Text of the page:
Bitcoin mining machines are graded according to their Gigahash characteristics. One Gigahash is approximately equal to one billion computations per second. Eight months ago, a Butterfly 600 Gigahash Bitcoin mining card was priced at $2,196, or $3.66 per Gigahash, making it 151 times more powerful than typical PCs, which clock in at speeds up to 3.96 GHz. Today, a current AMT 1.2 terahash machine sells for $5,599 or $4.67 per Gigahash.
One of the most powerful systems is the relatively affordable $10,0000 3.0 Terahash (equal to three trillion instructions per second) unit from KNC. At the current hashing rate, this unit will break even in 102 days…but the complexity of the algorithm that must be solved will have doubled over those 100 days, so that the AMT machine’s operating efficiency will have been cut in half by then. Over the next 100 days, the complexity of the Bitcoin algorithm will automatically increase by another 10 percent every ten days so that, after 200 days, the machine will be running at 25 percent of its original efficiency, putting it out of the money as newer, faster machines flood the market.
With efficiency decreasing by 10 percent every ten days, the user may earn another $5000 before the machine is outclassed. A 50 percent net profit margin over 200 days is a reasonable return on investment, but the Bitcoin miner who owns that machine is going to be effectively out of the business unless the miner re-invests the profits earned after breaking even on the next machine.
The problem Kervin himself encountered while trying to get into the business is that many Bitcoin mining machine makers are six to 12 months behind their delivery date which means that, by the time those prepaid machines are delivered, they are already obsolete, too slow to earn any Bitcoin.
While some companies, such as Butterfly, are notorious for never hitting their delivery dates, others, likeBitman, are right on the money, delivering their machines often with 48 hours of confirmation. It is, however, difficult to recommend one company over another because things change so rapidly in this business.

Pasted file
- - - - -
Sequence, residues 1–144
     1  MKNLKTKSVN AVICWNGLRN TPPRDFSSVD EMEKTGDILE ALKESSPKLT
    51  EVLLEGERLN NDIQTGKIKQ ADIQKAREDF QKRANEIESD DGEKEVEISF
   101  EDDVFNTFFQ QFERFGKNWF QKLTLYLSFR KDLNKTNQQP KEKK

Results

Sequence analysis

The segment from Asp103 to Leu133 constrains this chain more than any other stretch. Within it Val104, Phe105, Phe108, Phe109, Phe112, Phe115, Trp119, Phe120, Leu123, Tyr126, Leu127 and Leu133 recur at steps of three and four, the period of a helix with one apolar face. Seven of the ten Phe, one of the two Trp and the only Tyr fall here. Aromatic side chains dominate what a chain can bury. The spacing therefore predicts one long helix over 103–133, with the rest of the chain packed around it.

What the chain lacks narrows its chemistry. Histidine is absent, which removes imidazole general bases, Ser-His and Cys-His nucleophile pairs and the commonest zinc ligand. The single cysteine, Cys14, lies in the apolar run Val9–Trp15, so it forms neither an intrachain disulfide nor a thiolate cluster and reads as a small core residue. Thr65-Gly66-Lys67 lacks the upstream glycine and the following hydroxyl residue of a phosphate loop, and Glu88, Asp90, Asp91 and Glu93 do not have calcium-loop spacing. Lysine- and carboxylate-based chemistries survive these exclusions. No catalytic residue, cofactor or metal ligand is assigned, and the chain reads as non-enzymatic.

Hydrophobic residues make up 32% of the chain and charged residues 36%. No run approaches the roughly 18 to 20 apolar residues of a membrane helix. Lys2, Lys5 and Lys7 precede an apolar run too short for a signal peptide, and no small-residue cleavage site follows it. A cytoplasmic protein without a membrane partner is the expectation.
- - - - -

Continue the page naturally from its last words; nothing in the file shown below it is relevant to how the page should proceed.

Anyone thinking about getting into Bitcoin mining today who is not put off by the Bitcoin warning signs for new investors, should consider the risks carefully. Kervin recommends joining a Bitcoin mining guild, where members share their knowledge and processing power to generate better results. Be especially careful about purchasing used machines, because a six-month old machine is no longer competitive in the Bitcoin mining business. Not knowing this, newcomers often buy used machines to lower entry-level costs.
Used, older Bitcoin machines may be competitive, however, for mining some other digital currencies, and are being used for that purpose. Recently, an increasing number of Bitcoin miners have shifted their attention to other digital currencies like Litecoin. A $3,500 Litecoin GPU system can generate $25 worth of coins per day, at a cost of $3 for electricity. Let the buyer beware, however, because the break-even on Litecoin is 159 day, one-third more than Bitcoin’s break-even point. The math indicates that, in this scenario, a Litecoin miner would be 450 days from earning enough money to replace the first machine with the updated model required go remain competitive.
Look for hardware suppliers with guaranteed delivery policies. Find the ones that offer upgraded chips to offset delivery delays. Consider manufacturers who only accept payment in Bitcoin, which will automatically adjust the price of the machine to the current value of the coins….and do not ignore the Bitcoin warning signs for new investors. Remember your caveat emptors!
By Alan M. Milner
Look for me on Twitter:@alanmilner